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Excerpted from the Introduction of Short Stories by Jesus: The Enigmatic

Parables of a Controversial Rabbi by Amy-Jill Levine.

How We Domesticate Jesuss Provocative Stories

Parables, stories some only a sentence or two long, are often seen as the
hallmark of Jesuss teaching. As Mark 4.3334 puts it: With many
such parables he spoke the word to them, as they were able to hear it; he
did not speak to them except in parables, but he explained everything in private
to his disciples. Few of these private explanations have been preserved.
The crowds then needed to find their own understandings, and we too must
find ours.
It is a very good thing that the interpretations, if indeed Jesus did provide
them, have not come down to us. The Gospel writers, in their wisdom, left
most of the parables as open narratives in order to invite us into engagement
with them. Each reader will hear a distinct message and may find that the
same parable leaves multiple impressions over time. Different audiences inevitably
hear different messages, just as today a listener who is poor or in ill
health may form a different interpretation of the Rich Man and Lazarus than
a person with a seat on the stock exchange or extended credit from Neiman
Marcus. The parable of the Lost Son will convey different nuances to parents
than to children, to the irresponsible and indulged (if such children pay attention
at all) than to the faithful and overlooked. Reducing parables to a
single meaning destroys their aesthetic as well as ethical potential. This surplus
of meaning is how poetry and storytelling work, and it is all to the good.
It may also be a good thing that we do not have the explanations that
Marks disciples heard and remembered. The Twelve, despite their commission
by Jesus, consistently misunderstand him. They do not understand the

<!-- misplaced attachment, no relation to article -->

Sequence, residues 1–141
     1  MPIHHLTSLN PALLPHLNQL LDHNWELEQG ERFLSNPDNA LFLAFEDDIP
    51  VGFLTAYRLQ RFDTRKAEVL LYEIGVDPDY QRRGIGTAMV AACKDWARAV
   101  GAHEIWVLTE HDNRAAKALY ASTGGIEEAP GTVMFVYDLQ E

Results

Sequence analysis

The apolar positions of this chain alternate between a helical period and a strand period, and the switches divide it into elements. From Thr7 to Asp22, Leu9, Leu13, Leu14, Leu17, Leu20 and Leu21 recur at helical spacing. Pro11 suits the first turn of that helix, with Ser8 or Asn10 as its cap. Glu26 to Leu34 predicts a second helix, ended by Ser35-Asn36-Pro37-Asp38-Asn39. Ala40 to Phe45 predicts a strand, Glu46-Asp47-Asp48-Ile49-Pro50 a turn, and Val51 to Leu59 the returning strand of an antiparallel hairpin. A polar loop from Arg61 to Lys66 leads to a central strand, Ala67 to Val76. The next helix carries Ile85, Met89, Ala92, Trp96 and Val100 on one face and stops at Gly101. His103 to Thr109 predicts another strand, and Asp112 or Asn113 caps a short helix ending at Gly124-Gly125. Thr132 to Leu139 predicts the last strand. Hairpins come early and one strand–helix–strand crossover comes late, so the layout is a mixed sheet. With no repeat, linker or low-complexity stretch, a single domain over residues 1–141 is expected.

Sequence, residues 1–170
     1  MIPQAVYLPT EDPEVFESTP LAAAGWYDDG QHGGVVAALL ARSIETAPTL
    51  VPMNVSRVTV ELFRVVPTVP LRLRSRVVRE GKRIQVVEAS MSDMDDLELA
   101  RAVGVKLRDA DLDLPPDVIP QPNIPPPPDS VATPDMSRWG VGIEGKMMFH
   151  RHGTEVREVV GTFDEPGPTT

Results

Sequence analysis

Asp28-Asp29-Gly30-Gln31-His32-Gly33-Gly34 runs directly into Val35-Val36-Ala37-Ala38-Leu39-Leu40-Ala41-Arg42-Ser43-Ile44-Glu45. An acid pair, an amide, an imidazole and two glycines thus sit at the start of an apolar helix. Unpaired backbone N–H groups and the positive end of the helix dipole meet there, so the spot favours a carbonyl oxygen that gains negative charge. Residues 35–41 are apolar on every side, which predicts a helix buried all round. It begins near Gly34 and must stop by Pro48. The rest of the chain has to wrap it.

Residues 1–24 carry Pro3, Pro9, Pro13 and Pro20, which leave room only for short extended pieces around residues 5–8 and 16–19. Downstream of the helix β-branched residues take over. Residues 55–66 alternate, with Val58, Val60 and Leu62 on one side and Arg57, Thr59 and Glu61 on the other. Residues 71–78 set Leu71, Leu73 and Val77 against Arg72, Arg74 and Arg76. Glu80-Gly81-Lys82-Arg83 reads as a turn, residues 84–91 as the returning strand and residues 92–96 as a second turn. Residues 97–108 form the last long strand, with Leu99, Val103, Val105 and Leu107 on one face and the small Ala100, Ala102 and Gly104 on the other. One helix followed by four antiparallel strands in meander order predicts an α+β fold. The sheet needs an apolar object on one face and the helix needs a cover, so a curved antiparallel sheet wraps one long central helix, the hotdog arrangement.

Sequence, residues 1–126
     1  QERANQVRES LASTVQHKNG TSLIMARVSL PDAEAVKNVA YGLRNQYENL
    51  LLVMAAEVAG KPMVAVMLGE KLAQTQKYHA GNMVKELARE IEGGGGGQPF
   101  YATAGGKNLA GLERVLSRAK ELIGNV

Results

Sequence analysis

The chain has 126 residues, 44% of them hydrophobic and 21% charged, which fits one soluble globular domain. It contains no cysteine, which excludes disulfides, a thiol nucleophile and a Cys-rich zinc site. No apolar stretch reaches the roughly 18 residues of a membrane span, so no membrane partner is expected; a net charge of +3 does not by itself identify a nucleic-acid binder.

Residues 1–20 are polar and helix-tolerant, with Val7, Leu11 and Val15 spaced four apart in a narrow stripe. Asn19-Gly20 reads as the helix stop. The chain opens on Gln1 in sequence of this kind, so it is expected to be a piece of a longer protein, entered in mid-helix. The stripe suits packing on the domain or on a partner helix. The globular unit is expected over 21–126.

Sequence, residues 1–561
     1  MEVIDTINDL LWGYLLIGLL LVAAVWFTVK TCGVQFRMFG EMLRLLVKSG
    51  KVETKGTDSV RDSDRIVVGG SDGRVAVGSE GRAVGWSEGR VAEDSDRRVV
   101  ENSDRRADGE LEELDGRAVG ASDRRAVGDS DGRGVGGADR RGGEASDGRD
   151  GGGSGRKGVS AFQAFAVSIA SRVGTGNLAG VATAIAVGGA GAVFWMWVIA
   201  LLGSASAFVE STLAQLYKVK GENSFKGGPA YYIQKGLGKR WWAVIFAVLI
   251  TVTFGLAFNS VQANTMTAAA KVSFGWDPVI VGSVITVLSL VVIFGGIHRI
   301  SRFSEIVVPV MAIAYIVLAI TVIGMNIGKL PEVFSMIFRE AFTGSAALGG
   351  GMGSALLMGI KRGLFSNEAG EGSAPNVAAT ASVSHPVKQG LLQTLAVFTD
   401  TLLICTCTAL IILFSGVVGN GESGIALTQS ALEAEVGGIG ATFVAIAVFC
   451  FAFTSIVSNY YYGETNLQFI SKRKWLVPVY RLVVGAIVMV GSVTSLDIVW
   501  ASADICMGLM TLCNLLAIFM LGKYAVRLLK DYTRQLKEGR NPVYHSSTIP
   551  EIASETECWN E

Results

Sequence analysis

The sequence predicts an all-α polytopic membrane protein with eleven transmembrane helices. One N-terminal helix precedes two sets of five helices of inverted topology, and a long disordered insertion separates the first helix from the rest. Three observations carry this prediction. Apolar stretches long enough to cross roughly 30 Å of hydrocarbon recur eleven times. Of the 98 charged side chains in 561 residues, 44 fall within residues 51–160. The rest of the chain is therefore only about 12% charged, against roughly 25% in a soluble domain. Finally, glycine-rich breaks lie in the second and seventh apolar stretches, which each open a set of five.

parable of the Sower, and Jesus despairs of their understanding any of the
other parables: And he said to them, Do you not understand this parable?
Then how will you understand all the parables? (Mark 4.13). Their lack
of understanding shows when Jesus tells them to feed the crowds and they
sarcastically respond, Are we to go and buy two hundred denarii worth of
bread, and give it to them to eat? (6.37). Following the feeding miracles,
Jesus cautions them, Beware of the yeast of the Pharisees and the yeast of
Herod (8.15). The disciples then say to one another, It is because we have
no bread. Not only have they forgotten that Jesus can cater; they have also
missed the implications of Jesuss metaphorical message. No doubt when
they heard the parable of the yeast they worried about whether the dough
was gluten-free.
Although Peter, Andrew, James, and John are seasoned fishermen, they
are afraid of being shipwrecked in a storm, and Jesuswho had been asleep

in the boathas to rebuke them for their lack of faith (Mark 4.40). They
doubt his awareness of his healing powers (5.31); they dont understand his
argument that there is nothing outside a person that by going in can defile,
but the things that come out are what defile (7.15); Peter questions his
mission, and Jesus responds by calling him Satan, which is not a compliment
(8.33); they seek to prevent parents and caregivers from bringing their
children to Jesus (10.1316) despite his telling them to welcome children
(9.37); Judas betrays him (14.45); Peter, James, and John fall asleep when he
is in agony in Gethsemane (14.37); Peter then denies him (14.68); and they
all flee from the cross.
Nor, alas, are the named women followers much better when it comes
to understanding him. Mary Magdalene, Mary the mother of James, and
Salome go to the tomb on Sunday morning to anoint the body (Mark
16.1). Not only do they ask, too late to suggest any advance planning, Who
will roll away the stone for us from the entrance to the tomb? (16.3); they